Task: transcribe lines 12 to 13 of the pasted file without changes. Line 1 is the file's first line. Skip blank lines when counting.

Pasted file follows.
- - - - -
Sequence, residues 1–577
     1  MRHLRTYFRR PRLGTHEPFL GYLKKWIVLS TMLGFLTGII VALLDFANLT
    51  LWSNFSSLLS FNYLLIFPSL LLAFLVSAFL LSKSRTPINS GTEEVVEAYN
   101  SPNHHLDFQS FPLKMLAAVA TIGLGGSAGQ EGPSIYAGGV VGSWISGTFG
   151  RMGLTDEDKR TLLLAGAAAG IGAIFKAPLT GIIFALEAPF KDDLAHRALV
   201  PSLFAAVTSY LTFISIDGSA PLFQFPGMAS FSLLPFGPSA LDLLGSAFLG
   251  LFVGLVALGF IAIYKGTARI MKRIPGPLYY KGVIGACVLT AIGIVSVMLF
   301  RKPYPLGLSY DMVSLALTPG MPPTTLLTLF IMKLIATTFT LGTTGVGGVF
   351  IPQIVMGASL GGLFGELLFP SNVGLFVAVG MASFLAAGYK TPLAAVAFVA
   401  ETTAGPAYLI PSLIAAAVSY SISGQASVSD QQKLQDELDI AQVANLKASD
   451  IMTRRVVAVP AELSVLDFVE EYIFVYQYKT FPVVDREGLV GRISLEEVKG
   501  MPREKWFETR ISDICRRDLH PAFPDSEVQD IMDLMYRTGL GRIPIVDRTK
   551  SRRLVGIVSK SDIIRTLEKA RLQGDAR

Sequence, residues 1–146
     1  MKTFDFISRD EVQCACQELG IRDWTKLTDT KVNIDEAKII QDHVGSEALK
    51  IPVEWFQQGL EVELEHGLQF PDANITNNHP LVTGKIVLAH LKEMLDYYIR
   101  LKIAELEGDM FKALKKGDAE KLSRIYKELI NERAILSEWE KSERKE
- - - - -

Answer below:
   501  MPREKWFETR ISDICRRDLH PAFPDSEVQD IMDLMYRTGL GRIPIVDRTK
   551  SRRLVGIVSK SDIIRTLEKA RLQGDAR